Green Party MP Golriz Ghahraman is pushing for new hate speech laws. By Phil Quin


It is an irony of some magnitude that the leading proponent of new hate speech laws in the New Zealand Parliament, Golriz Ghahraman, worked as an intern at the International Court Tribunal of Rwanda (ICTR), defending Simon Bikindi who was convicted for inciting genocide against Tutsi

It is doubly so when you take into account that the defence arguments almost entirely rested on his right to freedom of speech.

While I accept even the most heinous criminals are entitled to a robust defence – and that includes interns, I guess –  at the very least I'd be curious to know if Ghahraman accepts the ICTR's ultimate judgment, or harbours any regrets about the role she chose to play defending Bikindi, a folk singer who used his celebrity to encourage the extermination of Rwanda's Tutsi minority, one million of whom were killed over 100 days of slaughter.

Her silence to date on this, as well as on the infamous grinning selfie she took with Bikindi, speaks volumes. After the revelation of her involvement, and publication of the alarming photo, a young genocide survivors' group in Rwanda sought clarification over her role and offered to host the MP on a fact-finding tour of the country. She declined their invitation and denied them a reply to any of their questions – beyond a single, dismissive tweet. 

Ghahraman with Simon Bikindi, who was convicted for inciting genocide in Rwanda.

This attitude is not new to Rwandans. In fact, free-speech arguments emanating from the West have a long and inglorious history there. Amnesty International, for example, was up in arms over the arrest of hate radio propagandists some years before the 1994 genocide but remained silent on the central role they played in instigating the killings. The US government resisted a proposal to jam the signal of these same radio stations on First Amendment grounds, as if the US Constitution applies to East Africa.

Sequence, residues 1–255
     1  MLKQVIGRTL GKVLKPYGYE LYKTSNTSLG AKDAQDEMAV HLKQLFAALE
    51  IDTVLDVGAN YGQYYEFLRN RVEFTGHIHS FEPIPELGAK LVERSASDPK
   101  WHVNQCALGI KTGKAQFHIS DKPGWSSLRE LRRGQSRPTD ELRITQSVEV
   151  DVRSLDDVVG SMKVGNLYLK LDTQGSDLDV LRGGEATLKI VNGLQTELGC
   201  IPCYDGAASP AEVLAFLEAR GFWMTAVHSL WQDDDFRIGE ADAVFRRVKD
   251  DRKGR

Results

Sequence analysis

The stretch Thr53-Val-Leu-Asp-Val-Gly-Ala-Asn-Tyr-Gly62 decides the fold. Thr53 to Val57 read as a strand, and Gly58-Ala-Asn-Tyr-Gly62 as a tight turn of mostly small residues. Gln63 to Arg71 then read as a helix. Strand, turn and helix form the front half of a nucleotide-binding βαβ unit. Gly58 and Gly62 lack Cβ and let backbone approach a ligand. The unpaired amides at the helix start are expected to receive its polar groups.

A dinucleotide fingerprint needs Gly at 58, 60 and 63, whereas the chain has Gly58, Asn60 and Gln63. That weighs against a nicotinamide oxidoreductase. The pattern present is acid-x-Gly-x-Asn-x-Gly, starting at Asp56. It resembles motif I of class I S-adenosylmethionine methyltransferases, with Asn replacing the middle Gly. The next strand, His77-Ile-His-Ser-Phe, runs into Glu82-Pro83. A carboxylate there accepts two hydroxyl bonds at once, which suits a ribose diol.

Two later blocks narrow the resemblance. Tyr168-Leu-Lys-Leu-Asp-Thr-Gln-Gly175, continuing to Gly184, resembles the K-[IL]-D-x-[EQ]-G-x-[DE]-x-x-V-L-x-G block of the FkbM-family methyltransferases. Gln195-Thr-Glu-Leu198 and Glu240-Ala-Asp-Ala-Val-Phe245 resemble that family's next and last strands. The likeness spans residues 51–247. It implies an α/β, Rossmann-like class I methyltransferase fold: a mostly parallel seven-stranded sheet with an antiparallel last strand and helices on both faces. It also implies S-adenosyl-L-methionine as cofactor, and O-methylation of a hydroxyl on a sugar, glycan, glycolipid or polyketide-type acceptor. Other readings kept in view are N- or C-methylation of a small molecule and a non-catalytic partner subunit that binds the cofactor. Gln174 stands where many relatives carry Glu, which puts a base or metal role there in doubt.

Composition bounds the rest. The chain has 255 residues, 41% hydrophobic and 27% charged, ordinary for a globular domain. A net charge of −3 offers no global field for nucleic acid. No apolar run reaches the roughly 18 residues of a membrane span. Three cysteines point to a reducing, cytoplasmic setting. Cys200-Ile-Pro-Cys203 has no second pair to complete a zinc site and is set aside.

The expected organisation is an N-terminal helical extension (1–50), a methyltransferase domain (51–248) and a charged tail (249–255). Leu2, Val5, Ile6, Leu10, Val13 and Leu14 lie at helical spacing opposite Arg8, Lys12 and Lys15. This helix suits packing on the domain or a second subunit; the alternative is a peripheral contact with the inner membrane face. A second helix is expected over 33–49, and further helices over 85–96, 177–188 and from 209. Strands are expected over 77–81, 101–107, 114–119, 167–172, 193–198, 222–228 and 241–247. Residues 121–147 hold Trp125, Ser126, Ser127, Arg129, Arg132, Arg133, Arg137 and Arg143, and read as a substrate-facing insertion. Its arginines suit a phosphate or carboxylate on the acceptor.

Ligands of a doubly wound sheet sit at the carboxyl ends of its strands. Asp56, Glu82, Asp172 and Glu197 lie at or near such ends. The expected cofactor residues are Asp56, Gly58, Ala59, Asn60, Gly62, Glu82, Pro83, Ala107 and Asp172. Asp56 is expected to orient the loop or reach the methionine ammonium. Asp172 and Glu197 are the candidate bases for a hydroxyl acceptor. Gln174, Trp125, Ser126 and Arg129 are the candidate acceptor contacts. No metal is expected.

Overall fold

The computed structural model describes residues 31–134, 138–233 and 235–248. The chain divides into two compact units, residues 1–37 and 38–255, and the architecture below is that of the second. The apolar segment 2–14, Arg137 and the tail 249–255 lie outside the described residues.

To this day, human rights  lobbyists based in Western capitals continue to badger the government of Rwanda over laws restricting the propagation of ethnic division and prohibiting the formation of political parties along ethnic lines. It's staggering to me that Western actors feel entitled to insert themselves in this debate at all in light of our collective failure in 1994 when Rwanda's Tutsis were abandoned by the international community, as lambs to the slaughter. 


One wonders how these pale-faced know-it-alls would justify their sanctimony to Jeanette Mukabyagaju, the survivor whom I met in the village of Rwimikoni last week. Jeanette's parents were shot dead on the second day of the killings – April 8, 1994 – and four of her six siblings were cut down in even more brutal fashion during the ensuing days. Jeanette herself only survived after hiding in a locked toilet cubicle for three weeks as militias hunted down every last living Tutsi. As it happens, I didn't ask for her view on whether the right to incite ethnic cleansing should be restored in Rwanda to placate the human rights lobby – to do so would have been insulting and absurd.

As for how New Zealand adapts its hate speech laws in the wake of Christchurch, it strikes me the distinction between the merely vile and the outright dangerous remains important.

As galling as it is, idiots like Israel Folau deserve the protection of the law. That doesn't mean Folau shouldn't face dire consequences from Australian Rugby – they are right to sack him – but he doesn't need to land in prison. Equally, if you object to one religion or another (I'm utterly ecumenical on his point), you should be able to say so.

Jeanette Mukabyagaju, a survivor of the genocide against the Tutsi in Rwanda.

I'm inclined to the view that the best antidote to bad speech is good speech. However, when this veers into incitement – when it reaches a certain fever pitch – the law should step in. While tricky, this isn't an impossible line to draw. I'm wary of efforts to expand definitions in such a way as to grant the state greater powers to police language unless it represents an identifiable threat to public safety.

The better approach is embodied by our prime minister, which is to overwhelm bigotry with a message of tolerance; hate, with love. This is where the individual citizen can lead the way in our own domain. Push back against the racist uncle. Don't stand for homophobic slurs. Don't be bamboozled by the "anti-PC" crowd who see something sinister in using language in kinder, more respectful ways. We are, after all, our own best censors.

When it comes to clamping down on social media platforms, I'm more amenable. Nobody endowed Facebook and Google with an immutable right to create digital cesspools that we are forced to wade through in perpetuity so they can better target ads at us. Self-regulation has demonstrably failed.

It's too early to tell whether the kind of answer proposed in the UK's online harm white paper represents a viable solution or clumsy overreach, but it's a debate worth having, and one New Zealand should emulate.

To do so constructively, however, we need leaders both inside and outside Parliament to front the discussion with calmness and credibility. This we do not have at present.

Phil Quin taking part in a panel on Media Responsibility in an Age of Fake News, Hate Speech and Denial, on April 9,  as part of the 25th commemoration of the Genocide Against the Tutsi.